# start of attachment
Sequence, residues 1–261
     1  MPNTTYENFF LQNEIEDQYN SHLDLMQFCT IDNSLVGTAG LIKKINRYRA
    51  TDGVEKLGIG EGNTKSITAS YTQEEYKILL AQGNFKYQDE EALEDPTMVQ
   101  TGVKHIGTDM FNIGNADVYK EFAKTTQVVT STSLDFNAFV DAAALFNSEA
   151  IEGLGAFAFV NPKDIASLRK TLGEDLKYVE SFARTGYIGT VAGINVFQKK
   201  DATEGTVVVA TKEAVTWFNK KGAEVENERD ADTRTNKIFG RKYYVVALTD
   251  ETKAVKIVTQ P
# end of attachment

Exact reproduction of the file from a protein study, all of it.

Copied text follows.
Sequence, residues 1–261
     1  MPNTTYENFF LQNEIEDQYN SHLDLMQFCT IDNSLVGTAG LIKKINRYRA
    51  TDGVEKLGIG EGNTKSITAS YTQEEYKILL AQGNFKYQDE EALEDPTMVQ
   101  TGVKHIGTDM FNIGNADVYK EFAKTTQVVT STSLDFNAFV DAAALFNSEA
   151  IEGLGAFAFV NPKDIASLRK TLGEDLKYVE SFARTGYIGT VAGINVFQKK
   201  DATEGTVVVA TKEAVTWFNK KGAEVENERD ADTRTNKIFG RKYYVVALTD
   251  ETKAVKIVTQ P